Some collagen-boosting foods you can eat include soy products, kidney beans, black beans, legumes, nuts, and seeds.

These collagen boosters are vegan, yes. However, they don’t contain collagen protein. They simply promote collagen production. It is not the same, and may not have the same benefits either. 

Collagen boosters are a great option for strict vegans, but others may consider taking an actual collagen supplement for its benefits.

Make the most of healing collagen

Whether you’re looking to boost your performance, or heal faster after surgery or injury, a regular collagen supplement might be a good idea for you, even if you are otherwise on a plant-based diet. 

Your body uses collagen protein to heal, so if you don’t have enough collagen stores in your body, you won’t be able to heal as well or bounce back from your workouts as quickly. Ingesting collagen protein has also been proven to have anti-aging effects and increase the rate of recovery after workouts and surgeries.

If you want to try using a collagen supplement, look for one that is a complete protein source. You also want to use hydrolyzed collagen. What is hydrolyzed collagen? It is collagen that has been chemically broken down to make it more bioavailable for you. 

The best supplement for athletes to try is Frog Fuel. It has been pre-digested with a special fruit enzyme to a molecular level of 2000 daltons which is significantly smaller than most if not all competitor protein molecules. 

Frog Fuel collagen, typical collagen, and whey molecular weight comparison chart

Frog Fuel is designed for absorption and maximum bioavailability at the cellular level – and it comes in easy-to-use, portable, ready-to-drink, one-use energy packets for your convenience.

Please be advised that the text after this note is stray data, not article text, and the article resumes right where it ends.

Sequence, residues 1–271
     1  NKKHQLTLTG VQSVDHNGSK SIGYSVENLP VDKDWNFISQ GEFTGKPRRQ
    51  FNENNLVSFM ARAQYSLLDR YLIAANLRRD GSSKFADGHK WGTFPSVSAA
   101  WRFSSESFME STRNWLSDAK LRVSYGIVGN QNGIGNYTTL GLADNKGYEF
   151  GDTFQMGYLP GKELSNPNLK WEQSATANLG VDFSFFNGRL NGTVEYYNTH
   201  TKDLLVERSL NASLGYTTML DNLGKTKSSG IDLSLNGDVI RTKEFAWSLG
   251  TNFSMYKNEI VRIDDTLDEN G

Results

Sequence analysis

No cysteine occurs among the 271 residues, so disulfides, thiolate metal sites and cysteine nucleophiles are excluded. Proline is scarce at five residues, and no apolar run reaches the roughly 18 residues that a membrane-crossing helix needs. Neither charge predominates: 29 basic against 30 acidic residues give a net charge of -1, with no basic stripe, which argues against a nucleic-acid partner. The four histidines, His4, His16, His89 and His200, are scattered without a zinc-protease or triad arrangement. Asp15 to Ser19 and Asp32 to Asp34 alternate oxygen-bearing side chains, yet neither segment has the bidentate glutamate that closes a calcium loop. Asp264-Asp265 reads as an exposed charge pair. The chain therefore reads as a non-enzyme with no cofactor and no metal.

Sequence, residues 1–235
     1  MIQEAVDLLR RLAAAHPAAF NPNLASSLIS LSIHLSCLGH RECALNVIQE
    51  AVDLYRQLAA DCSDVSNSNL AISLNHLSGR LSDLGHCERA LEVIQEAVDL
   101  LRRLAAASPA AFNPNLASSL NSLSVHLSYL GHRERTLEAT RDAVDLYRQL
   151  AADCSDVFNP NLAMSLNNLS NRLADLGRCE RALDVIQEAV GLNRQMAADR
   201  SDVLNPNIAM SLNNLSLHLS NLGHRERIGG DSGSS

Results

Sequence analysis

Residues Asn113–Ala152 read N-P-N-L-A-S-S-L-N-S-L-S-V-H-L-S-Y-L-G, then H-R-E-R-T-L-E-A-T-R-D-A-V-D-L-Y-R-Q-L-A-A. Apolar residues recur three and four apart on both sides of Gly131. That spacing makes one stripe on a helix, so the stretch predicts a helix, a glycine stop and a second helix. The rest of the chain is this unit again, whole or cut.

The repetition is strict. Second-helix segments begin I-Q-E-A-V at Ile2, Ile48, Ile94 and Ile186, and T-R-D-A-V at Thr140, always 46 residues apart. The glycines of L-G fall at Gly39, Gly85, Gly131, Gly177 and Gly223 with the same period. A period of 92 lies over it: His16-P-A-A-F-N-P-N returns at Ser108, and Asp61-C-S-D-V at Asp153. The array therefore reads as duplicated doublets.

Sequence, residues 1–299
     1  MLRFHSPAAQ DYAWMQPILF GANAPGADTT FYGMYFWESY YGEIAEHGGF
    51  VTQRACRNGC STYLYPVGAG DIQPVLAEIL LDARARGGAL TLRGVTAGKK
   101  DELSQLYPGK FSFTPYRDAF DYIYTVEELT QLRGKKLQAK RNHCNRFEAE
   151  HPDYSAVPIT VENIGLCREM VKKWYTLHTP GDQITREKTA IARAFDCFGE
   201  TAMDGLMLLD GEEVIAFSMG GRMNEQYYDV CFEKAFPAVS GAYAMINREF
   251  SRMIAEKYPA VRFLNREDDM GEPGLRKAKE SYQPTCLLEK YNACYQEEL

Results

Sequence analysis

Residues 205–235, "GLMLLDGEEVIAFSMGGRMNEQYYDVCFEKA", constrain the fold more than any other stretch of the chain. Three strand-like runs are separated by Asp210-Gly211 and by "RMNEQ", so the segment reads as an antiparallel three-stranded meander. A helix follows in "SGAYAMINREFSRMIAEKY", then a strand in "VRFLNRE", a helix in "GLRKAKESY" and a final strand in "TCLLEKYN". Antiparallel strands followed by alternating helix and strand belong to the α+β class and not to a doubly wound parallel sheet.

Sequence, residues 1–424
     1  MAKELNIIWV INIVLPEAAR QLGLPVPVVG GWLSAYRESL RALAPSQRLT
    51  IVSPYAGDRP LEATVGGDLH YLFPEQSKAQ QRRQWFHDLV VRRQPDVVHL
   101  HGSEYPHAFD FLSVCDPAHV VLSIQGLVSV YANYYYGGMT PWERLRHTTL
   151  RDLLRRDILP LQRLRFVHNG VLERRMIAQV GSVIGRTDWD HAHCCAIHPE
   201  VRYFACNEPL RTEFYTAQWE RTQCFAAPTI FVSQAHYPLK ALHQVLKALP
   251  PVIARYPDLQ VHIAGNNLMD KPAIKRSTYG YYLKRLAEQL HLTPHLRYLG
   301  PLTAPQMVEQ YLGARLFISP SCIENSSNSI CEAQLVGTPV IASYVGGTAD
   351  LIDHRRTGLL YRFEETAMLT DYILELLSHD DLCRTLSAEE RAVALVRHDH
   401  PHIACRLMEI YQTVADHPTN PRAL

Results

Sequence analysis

If you are ready to promote health, performance, and recovery with high-quality, medical-grade liquid protein shots created with rapidly absorbed protein and designed by Navy SEALs, check out our Frog Fuel liquid protein shots. Chances are, you will love the results so much that you will never go back to any other protein supplements. 

FAQs about vegan collagen

Here are answers to commonly asked questions about vegan collagen:

Is it worth taking vegan collagen?

If you are a strict vegan who won’t take actual collagen supplements, you can still see some benefits from collagen-boosting supplements. While you won’t see the same level of benefits as you would from a collagen supplement, collagen boosters should still improve your body’s collagen production.

Do vegans have less collagen?

This is truly dependent on your genetics and your diet. If you aren’t eating a balanced diet of complete proteins (which are harder to get on a plant-based diet) then you could certainly be more deficient in collagen protein than someone who gets collagen from their diet. 

What food naturally has collagen?

Foods that naturally contain collagen include chicken, fish, eggs, bone broth, and gelatin. 

Do I need to take collagen supplements?

The fact that your body reduces its natural production of collagen with age means this isn’t just a vegan issue. Vegetarians, pescatarians, flexitarians, and omnivores can all benefit from collagen protein support, especially as we get older. 

In today’s world, people don’t eat all the nutrient-rich parts of animals, such as liver or bone broth, the way that they used to. Instead, most people are focusing on only or mostly muscle meat. 

Even if you enjoy bone broth or organ meats, chances are you are still not eating enough to boost your collagen levels through diet alone. To support your health, performance, and recovery, you may certainly benefit from a boost of collagen in your diet.

If you are a strict vegan who is having trouble healing during a sports injury treatment, it's possible that you don’t have enough collagen stores to promote healthy healing. You may want to talk with your doctor about using collagen for a short period of time to help you heal. 

Does avocado have collagen?

Avocado on its own does not contain any collagen, but it is one of the foods that can naturally boost your body’s collagen production.